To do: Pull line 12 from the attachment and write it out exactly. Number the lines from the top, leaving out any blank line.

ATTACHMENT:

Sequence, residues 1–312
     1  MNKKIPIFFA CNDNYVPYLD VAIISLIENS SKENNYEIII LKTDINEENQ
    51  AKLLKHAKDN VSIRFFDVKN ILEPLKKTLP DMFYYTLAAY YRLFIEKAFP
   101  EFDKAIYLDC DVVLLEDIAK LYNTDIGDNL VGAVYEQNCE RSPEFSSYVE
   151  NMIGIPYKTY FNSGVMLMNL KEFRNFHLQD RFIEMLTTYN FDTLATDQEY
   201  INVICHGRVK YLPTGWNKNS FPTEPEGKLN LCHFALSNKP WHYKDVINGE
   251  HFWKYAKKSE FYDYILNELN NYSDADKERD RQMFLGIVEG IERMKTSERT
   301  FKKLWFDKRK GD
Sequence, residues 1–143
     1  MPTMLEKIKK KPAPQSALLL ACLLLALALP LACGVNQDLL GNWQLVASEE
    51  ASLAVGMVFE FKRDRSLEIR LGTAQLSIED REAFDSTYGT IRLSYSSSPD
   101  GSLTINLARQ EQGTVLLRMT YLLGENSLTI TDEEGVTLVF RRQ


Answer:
   101  GSLTINLARQ EQGTVLLRMT YLLGENSLTI TDEEGVTLVF RRQ